I read this because I had read on GalleyCat that the real author had been sued for some absurd sum like $1.1M by the person who bought the screen rights to the book. He sued her because he had bought the rights on the basis that the book was written by a 19-year-old transgendered ex-prostitute, and this was a semi-autobiographical work.

Let me say, if anyone thinks this was autobiographical, they are a sick, sick individual and America has way bigger problems than Iraq. And those problems seem to involve child prostitution at truck stops in West Virginia. Giveaways that it was not strictly true abounded, however. The patron saint of truckstop prostitutes is a magical jackalope that hangs on a wall with its ever-growing antlers, and they have to keep expanding the room it's in because the antlers are so large? Racoon penis talismans? A patron saint of truckers who protects them from speeding through weigh stations and from trouble over falsified logbooks?

That said, this was an excellent read. The ending was absolutely fabulous, way better than "Shooter" which I watched on the weekend (Shooter's ending was more suitable for a Steven Seagal movie, if you ask me).

Wednesday, August 15, 2007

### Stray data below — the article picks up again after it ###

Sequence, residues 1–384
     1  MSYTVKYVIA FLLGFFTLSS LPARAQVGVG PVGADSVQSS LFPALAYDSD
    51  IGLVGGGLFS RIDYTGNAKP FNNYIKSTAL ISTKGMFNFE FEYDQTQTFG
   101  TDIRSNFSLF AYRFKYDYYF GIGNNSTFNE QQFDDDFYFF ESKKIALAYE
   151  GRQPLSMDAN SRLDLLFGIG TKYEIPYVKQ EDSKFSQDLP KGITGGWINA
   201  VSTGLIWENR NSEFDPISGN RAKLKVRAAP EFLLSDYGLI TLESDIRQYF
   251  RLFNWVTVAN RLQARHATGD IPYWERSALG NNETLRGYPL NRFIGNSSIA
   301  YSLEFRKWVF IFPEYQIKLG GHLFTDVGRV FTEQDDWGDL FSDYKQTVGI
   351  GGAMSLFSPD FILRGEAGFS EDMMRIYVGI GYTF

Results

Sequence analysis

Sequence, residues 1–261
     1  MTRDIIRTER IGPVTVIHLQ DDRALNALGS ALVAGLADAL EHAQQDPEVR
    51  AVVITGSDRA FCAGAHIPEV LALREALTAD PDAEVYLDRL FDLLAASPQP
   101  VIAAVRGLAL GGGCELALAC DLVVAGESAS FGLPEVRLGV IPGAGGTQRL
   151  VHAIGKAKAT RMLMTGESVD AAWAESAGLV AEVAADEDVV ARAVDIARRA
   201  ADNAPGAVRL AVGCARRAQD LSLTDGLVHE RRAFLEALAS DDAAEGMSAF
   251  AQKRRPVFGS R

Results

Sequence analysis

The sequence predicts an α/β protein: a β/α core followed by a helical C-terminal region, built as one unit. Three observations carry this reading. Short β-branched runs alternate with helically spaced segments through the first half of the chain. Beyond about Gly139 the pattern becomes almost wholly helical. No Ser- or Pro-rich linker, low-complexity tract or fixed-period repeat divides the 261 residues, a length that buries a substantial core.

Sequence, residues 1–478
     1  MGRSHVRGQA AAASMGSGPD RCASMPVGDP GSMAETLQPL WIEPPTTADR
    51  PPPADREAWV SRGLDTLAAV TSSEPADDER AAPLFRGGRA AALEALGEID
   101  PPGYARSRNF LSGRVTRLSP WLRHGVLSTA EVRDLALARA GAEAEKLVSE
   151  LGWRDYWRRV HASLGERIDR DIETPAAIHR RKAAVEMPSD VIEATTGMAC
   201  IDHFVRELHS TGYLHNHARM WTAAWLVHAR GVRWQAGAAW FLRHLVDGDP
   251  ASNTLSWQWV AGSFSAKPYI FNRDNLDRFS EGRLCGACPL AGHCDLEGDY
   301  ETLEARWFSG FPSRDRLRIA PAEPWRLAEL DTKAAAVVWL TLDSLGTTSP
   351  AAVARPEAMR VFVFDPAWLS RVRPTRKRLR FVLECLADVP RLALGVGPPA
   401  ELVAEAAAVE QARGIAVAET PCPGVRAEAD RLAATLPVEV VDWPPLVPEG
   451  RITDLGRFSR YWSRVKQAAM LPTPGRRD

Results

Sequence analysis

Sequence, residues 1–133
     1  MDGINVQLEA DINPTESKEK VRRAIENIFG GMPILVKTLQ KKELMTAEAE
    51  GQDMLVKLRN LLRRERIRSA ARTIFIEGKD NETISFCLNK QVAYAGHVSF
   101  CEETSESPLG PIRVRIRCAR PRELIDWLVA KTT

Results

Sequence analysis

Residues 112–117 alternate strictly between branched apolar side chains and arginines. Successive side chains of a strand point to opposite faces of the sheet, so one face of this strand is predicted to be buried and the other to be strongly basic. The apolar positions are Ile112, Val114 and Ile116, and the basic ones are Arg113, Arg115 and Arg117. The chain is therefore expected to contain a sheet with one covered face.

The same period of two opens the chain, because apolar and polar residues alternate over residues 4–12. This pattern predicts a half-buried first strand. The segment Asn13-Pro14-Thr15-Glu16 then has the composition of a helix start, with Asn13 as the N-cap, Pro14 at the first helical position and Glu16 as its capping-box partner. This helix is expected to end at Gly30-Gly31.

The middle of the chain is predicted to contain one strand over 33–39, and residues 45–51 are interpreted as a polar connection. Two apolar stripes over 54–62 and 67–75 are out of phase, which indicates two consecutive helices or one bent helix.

"An Ice Cream War" by William Boyd

This book sat on my shelf for a couple of years. I think my mother read it with her book club. Then my sister read it while she was visiting, and so with no one else to give it to, my mother left it with me, saying "You might not like it." I started it while I was at karate camp. One of the black belts came up to me and asked what I was reading. I showed the cover and said it was about WWI in Africa, and he seemed impressed. He went on and on about how interesting it was that I was reading a book about war, and he'd like to read it when I'm done. And I finished it while we were camping, and gave it to Ed, who had finished the book he was reading (something about clans and the giant walking, fighting machines they ride in and the far future where humanity has divided into two streams). He finished it also, so we've gotten our money's worth out of this one.

The book is about WWI in Africa, and written in that British self-effacing style, very funny. That's probably why I could read it. There were sections where people walked around with guns and did strategic stuff, but perhaps not enough to appeal to my black-belt friend. More there were scenes where people coerced other people into doing things that weren't in their own best interests, and giving people poor advice, and debauching. There was some spying, and lots of grissly death.

The most frustrating thing about this book was that I never "got" the title. I went online trying to find out what the title meant, and eventually found a website that said something about fighting a war in Africa, the british were going to melt like ice cream. In the process of gleaning that, I read many reviews of the book and other books by Mr. Boyd, and apparently this isn't his best work. A lot of the reviews online were sort of the same which I found interesting, as if people can't come up with original reviews very often. That's sad. many of them referred to WWI in Africa as "a war they continued after the Armistice because no one told them to stop" which wasn't exactly my impression. I mean, maybe they kept fighting for a day or two, but that happens when there's a world war and poor communications, right?